Oh and a big one, if it's going off the rail, ASK for help. Your shift coordinator/Senior nurse is there 'to' assist junior staff when things go crap (ie. code, drips tissuing, a pile of new orders from the doctor ect.) More than anything it's when it falls apart and you didn't ask for help the coordinator is irritated.

    Might seem silly advice but most postgrads including back when I was a grad, struggle with time management and can be very harsh on themselves. The stress is not worth it, just focus on the things you can change and sooner than you think you will be having those smooth shifts the experienced staff members are pulling off.

    Lol that's something I wish someone had told me when starting out ^.~
    Last edit by Gold_SJ on Mar 5, '13
  9. by   NurseOnAMotorcycle
    You'll be in "nursing school mode" for a while and freak out when you are late with a fingerstick or forget to chart that last cup of water the patient had. Try to remember to give yourself a break when this happens. First med error will keep you sleepless for a few nights because of it. Tell the doc, monitor the pt, they'll prob be fine.
  10. by   RN_BSN09
    Make your own Brain sheet! Everyone's different, so it's helpful to just make your own. And I agree with the post that said to delegate! It was hard for me to delegate to CNAs at first, I felt bad asking, but just do it... it will save you time and that is what they're there for, to help you.
  11. by   klone
    I would have gone right into a BSN program immediately upon graduation, rather than several years later.
  12. by   DoeRN
    Quote from klone
    I would have gone right into a BSN program immediately upon graduation, rather than several years later.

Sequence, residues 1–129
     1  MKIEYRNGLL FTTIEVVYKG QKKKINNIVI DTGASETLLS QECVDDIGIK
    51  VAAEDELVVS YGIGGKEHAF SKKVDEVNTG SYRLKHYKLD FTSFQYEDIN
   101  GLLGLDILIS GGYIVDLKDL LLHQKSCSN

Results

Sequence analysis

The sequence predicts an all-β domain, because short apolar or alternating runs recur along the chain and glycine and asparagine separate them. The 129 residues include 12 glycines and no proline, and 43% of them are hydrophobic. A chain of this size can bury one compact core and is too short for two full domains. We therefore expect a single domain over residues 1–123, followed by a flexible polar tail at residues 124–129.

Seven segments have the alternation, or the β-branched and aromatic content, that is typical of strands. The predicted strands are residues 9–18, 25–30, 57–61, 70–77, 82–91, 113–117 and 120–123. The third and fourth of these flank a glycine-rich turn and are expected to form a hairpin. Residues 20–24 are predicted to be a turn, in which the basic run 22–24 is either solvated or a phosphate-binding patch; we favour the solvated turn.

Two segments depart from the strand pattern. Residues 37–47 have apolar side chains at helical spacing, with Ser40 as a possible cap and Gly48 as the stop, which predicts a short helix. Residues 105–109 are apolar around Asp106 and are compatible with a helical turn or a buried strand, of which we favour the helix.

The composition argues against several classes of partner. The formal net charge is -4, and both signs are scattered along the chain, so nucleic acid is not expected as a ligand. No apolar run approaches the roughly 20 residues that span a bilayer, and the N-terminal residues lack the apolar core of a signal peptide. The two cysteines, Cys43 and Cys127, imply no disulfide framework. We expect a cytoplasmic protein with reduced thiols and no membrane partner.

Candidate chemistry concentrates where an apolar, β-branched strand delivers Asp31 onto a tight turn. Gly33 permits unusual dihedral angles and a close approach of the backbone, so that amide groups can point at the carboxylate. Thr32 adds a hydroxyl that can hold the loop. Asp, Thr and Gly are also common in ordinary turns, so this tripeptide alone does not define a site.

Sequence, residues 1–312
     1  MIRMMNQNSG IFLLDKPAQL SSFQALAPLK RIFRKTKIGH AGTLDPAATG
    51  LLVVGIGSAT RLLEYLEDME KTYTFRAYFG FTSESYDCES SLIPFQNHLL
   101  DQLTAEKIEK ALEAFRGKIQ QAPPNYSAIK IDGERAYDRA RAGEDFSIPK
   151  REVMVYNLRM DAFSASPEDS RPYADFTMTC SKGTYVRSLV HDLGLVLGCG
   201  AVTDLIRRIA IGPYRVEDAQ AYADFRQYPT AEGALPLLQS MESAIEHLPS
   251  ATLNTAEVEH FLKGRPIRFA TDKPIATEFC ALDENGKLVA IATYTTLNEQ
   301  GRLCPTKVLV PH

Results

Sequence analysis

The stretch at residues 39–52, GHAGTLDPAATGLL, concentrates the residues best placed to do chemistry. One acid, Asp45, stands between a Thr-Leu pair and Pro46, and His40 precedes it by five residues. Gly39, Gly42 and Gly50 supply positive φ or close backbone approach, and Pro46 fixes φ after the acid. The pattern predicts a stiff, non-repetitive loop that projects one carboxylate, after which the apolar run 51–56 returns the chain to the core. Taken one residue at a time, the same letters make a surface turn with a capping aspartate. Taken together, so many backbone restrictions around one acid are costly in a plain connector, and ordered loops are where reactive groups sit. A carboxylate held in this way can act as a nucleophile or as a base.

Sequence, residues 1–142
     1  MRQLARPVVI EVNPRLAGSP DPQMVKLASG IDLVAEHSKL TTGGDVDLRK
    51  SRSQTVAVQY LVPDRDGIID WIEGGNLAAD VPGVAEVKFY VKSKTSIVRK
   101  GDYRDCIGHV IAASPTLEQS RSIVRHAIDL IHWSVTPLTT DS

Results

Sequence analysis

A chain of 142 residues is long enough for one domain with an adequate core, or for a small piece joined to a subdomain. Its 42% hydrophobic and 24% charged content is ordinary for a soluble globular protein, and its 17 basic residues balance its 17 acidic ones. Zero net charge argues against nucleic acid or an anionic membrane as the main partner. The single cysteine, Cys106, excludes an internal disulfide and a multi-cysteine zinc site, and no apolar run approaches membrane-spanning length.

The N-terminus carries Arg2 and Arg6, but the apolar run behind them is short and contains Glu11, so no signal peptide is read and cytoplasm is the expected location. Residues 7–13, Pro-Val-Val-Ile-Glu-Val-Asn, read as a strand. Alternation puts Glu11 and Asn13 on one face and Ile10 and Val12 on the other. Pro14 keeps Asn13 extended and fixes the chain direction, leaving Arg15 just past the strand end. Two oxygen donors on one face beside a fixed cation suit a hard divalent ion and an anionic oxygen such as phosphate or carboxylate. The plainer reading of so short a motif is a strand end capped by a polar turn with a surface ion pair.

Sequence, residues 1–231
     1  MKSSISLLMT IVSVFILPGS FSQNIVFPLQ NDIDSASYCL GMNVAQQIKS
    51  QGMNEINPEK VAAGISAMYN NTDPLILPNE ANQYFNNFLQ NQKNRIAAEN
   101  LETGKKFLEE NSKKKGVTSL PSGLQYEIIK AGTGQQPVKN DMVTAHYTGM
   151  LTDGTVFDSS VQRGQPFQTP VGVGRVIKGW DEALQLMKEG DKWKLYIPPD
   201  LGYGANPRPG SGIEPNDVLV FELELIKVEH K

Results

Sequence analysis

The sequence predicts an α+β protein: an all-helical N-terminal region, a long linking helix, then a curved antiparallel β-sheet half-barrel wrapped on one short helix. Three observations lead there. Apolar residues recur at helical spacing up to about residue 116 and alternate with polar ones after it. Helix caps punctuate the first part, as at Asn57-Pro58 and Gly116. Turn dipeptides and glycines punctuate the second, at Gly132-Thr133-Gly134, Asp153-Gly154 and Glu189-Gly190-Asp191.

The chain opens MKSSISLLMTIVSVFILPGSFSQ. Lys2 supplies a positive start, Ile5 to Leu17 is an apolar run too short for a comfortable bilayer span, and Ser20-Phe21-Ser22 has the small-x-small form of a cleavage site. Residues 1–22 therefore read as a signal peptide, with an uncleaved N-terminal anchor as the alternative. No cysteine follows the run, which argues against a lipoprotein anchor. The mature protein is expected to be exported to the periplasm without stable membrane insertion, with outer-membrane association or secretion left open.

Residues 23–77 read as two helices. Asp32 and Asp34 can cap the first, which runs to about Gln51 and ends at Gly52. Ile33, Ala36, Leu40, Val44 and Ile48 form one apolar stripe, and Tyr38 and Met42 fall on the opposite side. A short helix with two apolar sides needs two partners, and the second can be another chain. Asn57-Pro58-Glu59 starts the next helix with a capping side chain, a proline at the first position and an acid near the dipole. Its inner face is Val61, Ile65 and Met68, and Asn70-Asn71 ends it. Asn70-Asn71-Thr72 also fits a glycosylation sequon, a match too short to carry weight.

I second this! I did to back to get my BSN but I was a little complacent going back. I got comfortable on my old floor but I always knew I needed to go back. I tell all ASN's to immediately enroll in a BSN program. I said right after you take NCLEX enroll in school for that next semester.

    Also, knowing that I didn't have to settle for a job I didn't like. I'm going for a non-nursing degree but l looked at all my options while deciding to go back for another bachelors. I can use my nursing degree with technology. So knowing that there are non-healthcare fields out there that allow you to use your medical experience too.

    Sent from my iPhone using allnurses.com
  13. by   Tait
    I did my ADN and then went back about five years later. I rather enjoyed working first, gaining a lot of experience and then looking more closely at the theory/management etc. I felt my experience helped me really engage in the BSN information. However, I guess a year or two on the floor could get you the same feeling.
  14. by   paradiseboundRN
    2 things I would have done differently:

    I would have gone back for my BSN sooner.

    I would have insisted on having help lifting. I herniated a disc only a couple of months out of school which has plagued me for 13 years.

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For the experienced nurses...